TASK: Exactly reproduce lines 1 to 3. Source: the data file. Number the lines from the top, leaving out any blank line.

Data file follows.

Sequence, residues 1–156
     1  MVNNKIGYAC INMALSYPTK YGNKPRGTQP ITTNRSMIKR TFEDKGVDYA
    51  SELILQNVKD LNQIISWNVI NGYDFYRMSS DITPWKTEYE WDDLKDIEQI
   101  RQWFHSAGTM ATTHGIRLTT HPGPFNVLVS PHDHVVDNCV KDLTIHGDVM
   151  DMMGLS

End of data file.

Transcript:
Sequence, residues 1–156
     1  MVNNKIGYAC INMALSYPTK YGNKPRGTQP ITTNRSMIKR TFEDKGVDYA
    51  SELILQNVKD LNQIISWNVI NGYDFYRMSS DITPWKTEYE WDDLKDIEQI